After 13 seasons on “Saturday Night Live,” the “Weekend Update” anchor is moving on to where few men or women have ventured before: the crucible of hosting a late night television talk show
Author David Carr Illustration Nigel Buchanan
To enter the pantheon of late night television hosts, you have to check off a few boxes. You need to be nice-looking, but not movie star good-looking. You have to be smart and friendly and have a genuine love of people. (David Letterman, who can take or leave people depending on the guest, is the exception that proves the rule.) Most of all, you have to be funny. Funny as in ha-ha, tell-a-joke funny, but also funny in terms of your outlook on life.
Sitting in a booth at Brasserie Ruhlmann in Rockefeller Plaza in Midtown Manhattan, Seth Meyers ticks off all those boxes. As a 13-season veteran of “Saturday Night Live,” its head writer and, most visibly, the anchor of “Weekend Update,” the 40-year-old New England native has proven he can find the funny in just about anything. Now, he’s about to test his appeal in the late night talk show crucible when he takes over NBC’s “Late Night” on February 24 from Jimmy Fallon, who will be moving on to “The Tonight Show” on the same day.
It’s a big move, but Meyers will have a bit of a safety net, given that Lorne Michaels, the godfather of SNL, will executive-produce the show. But at a certain point, it’s just you, the desk and an hour of airtime to fill. Meyers seems up to the task and, after more than a decade at SNL, ready to try something new.
Of course, Meyers won’t be the first “Weekend Update” anchor to graduate to late night talk show host. To wit: Fallon, who will be just a couple of floors away doing “The Tonight Show.” And if Meyers hits any bumps along the way, he will also have Michaels just down the hall, as “Late Night” shares a floor at 30 Rockefeller Center with SNL. That way, says Meyers, “the security guys know me in case I forget my ID, and I already know where the bathrooms are.”
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Hemispheres: So what’s your first move as the host of “Late Night”?
Seth Meyers: There’s nothing concrete, but I want to have a writing staff of performers who can play people in the news or play someone who can comment on that person. I’ve really enjoyed my life as a straight man, and so I’m hoping to continue that with the new show.
Hemispheres: Why do you think your skills are a good fit with the late night format?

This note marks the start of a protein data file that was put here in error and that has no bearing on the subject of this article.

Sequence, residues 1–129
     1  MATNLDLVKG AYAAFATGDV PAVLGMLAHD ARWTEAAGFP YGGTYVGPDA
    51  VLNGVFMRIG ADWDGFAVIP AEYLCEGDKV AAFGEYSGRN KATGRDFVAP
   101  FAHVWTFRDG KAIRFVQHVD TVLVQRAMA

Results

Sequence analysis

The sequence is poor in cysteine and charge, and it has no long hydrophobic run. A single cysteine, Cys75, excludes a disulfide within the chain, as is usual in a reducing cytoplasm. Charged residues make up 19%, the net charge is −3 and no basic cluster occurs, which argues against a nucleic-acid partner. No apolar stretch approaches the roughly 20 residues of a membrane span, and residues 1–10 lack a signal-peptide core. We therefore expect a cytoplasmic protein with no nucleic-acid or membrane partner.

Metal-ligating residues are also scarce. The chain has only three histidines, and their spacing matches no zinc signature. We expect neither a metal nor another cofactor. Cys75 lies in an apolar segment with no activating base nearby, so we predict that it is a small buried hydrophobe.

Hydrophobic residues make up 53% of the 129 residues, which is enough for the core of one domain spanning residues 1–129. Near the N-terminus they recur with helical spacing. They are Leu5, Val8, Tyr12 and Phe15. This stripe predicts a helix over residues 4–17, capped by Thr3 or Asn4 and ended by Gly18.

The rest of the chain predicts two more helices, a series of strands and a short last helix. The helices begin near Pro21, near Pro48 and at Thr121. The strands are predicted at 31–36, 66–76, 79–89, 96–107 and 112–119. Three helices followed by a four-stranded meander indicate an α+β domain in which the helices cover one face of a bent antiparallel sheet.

Meyers: Over my first four years on SNL, I felt like I was sort of always in the bottom trenches of the cast as far as what I was putting across on camera. But Lorne saw me as someone who could produce a lot of writing every week. I found, in my years as a performer, I only ever played variations of myself. If I was playing a sea captain he tended to act, talk and think like me. That’s where I hope late night will be a good fit.
Hemispheres: As a late night talk show host, you’ll be entering a very exclusive club. There are not that many of these jobs in the business.
Meyers: It’s surreal. When I got to SNL, I walked down the hall, and they have a picture of every cast member past and present that’s taken their first day. And that club was exclusive enough. I almost can’t quite wrap my head around the fact that I’m doing something so few people have done. I think it’s helpful that it’s in the same building and on the same floor and with the same boss. It feels like I am going to college in the next town over.
Hemispheres: So you aren’t intimidated?
Meyers: Well, the best advice I’ve gotten is just to remember that this is a marathon, not a sprint. You’re hoping that the network and everybody who is watching is going to understand that you’re going to figure out what the show is in the course of the first six months. You get to figure out what exactly the show’s strengths are, stop doing the things that are the show’s weaknesses and build off that. You have to learn by doing.
Hemispheres: What part intimidates you?
Meyers: Lorne is obviously making all the final calls on SNL, and the most impressive thing about Lorne is that he’s an incredible arbiter of taste. Even though he’s the executive producer on “Late Night,” he’s not going to be there every week making the final calls with me. I hope, having spent 13 seasons with Lorne, I will have inherited some of that taste. There won’t be anyone to hide behind.
Hemispheres: So what’s the plan now that you’re The Man?
Meyers: I’d like it to be a place where you can watch somebody talk about something that maybe you’ve heard about in the news but you don’t quite understand, and have it explained to you a little bit better. I like talking to people who know about things that I want to know more about.